The only case where it is not immediately UB to derive a &mut T from a &U is if you go through UnsafeCell in that derivation. No other exceptions. So since simply transmuting between &T to &mut T doesn't go through an UnsafeCell, it is immediate UB. Note: even when using UnsafeCell it is rather easy to get UB via aliasing &mut _ if you aren't careful.


Just to clarify: Don't think "UB is something I'm willing to live with." Think "UB releases the compiler to screw up my program in its quest for hyper-optimization." That discrepancy from what you thought you coded proivdes the opportunity for malware explotation. UB is never safe, ever.


That is certainly a strong indication that something in my code is not allowed...

Thanks for the link! I will study that article. Maybe it will help me understand something about the underlying problem: How to reason about borrows in unsafe code?

But here there is an asterisk! The little phrase "in general"...

Detailed Argument

But how about the detailed argument:

After the execution of the line marked with (1) no shared ref to the head element exist anymore, it is out of scope and gone. We're left with the value in memory and a single unique raw pointer to it.

And only safe code has been used to produce this pointer.

Does it matter how we got this pointer? It it raw and unique and has a certain pointer value. Isn't that all that affects the situation?

Because of this, when the unsafe function as_mut is called the program is in a valid state. The specification of as_mut is followed, most importantly this:

"the memory this pointer points to must not get accessed (read or written) through any other pointer."

Surely it must be sound to construct a mutable reference from head_raw_mut under those conditions?

The version of the code with expanded sub-expressions show even more clearly that the original shared ref is gone, since the block it is defined in has been left.

Wrapper for C components

This is how many wrappers for C API:s work. You pass a shared ref to some C function. Then the shared ref goes out of scope. The program continues and does other stuff. At some later point the same pointer value is returned from the C API as a raw pointer. Since you know that it is unique you can convert it to a unique pointer and mutate its target.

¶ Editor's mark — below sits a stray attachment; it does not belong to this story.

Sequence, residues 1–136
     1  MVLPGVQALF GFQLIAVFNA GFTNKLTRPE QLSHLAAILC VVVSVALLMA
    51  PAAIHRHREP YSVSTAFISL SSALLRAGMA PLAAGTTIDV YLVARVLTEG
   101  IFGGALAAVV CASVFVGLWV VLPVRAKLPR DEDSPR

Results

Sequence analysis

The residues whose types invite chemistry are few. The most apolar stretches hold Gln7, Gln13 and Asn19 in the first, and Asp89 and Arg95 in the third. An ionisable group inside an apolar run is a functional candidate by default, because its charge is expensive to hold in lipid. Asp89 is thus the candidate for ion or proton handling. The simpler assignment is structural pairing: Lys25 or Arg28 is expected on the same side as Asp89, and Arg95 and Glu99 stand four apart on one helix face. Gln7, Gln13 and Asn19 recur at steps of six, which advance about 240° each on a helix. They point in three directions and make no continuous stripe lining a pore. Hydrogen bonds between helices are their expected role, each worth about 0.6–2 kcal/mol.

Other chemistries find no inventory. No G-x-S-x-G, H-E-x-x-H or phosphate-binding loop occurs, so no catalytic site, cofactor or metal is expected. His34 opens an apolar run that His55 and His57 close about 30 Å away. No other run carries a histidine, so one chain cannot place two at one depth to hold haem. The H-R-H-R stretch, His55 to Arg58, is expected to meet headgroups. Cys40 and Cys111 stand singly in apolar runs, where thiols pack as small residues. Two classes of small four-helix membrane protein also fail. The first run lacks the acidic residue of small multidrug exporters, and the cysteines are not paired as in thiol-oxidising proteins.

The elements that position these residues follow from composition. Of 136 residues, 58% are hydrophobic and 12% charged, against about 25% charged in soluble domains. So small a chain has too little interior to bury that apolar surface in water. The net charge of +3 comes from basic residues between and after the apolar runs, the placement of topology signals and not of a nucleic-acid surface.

It seems impossible to write a wrapper for a C component if you cannot do this kind of things...

But my point is that the original reference is out of scope and gone. Any assertions that the compiler had about this variable are also gone and not relevant anymore. All that is left is a raw pointer with a certain pointer value.

Ask yourself "Is there any region in the program where two &mut references exist for the same variable?" If the answer is "Yes" then the compiler backend (e.g. LLVM) is permitted to mis-compile your program as a byproduct of its quest for hyper-optimization.

To me it seems like this is not the case. In peek_mut_exp we can see this:

  • In the beginning of the function & co-exists with *const but is then dropped.
  • In the end of the function &mut co-exists with *mut, but the former is then dropped.

Apart from that only raw pointers co-exist with each other.

But it might be that Rust's rules for soundness is more strict that the ones that you give. The reason might be for example to allow for reordering of assignments and inlining of constants.

The phrase "in general" means that you cannot transmute an &T into a &mut T, unless you have something that specifically allows it, which in this case is UnsafeCell. It is not telling you that you can concoct some other way around it, it is saying that you cannot.

Now, maybe that is wrong. Perhaps there is some way to make this not-UB without using UnsafeCell. But the phrase "in general" here is not in any way allowing for that, and you'd have to know exactly what optimizations Rust will do and know that no new optimization will be created that will invalidate your assumptions. That means this is UB, because UnsafeCell is the only optimization-aware, forward-compatable escape hatch that exists (AFAIK) for doing this sort of thing (if indeed this sort of thing is actually that UnsafeCell is meant to aid in.)

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Sometimes it's possible to factor out duplicate code like this by writing a peek_raw function that only uses raw pointers, and returns a raw pointer. Then peek and peek_mut would call peek_raw.

I can't see a way to do it here, though, because I don't think it's possible to get a *const T from an Option<T> without going through &Option<T> or &mut Option<T>. (Or, more generally, because you can't match directly on a raw pointer to an enum.)

Even when it works, one downside to this approach is that it introduces much more unsafe code than necessary.


Well, I thought it was obvious that the "detailed argument" wasn't valid once we established that the & -> &mut conversion is UB after all, but okay we can go through that too.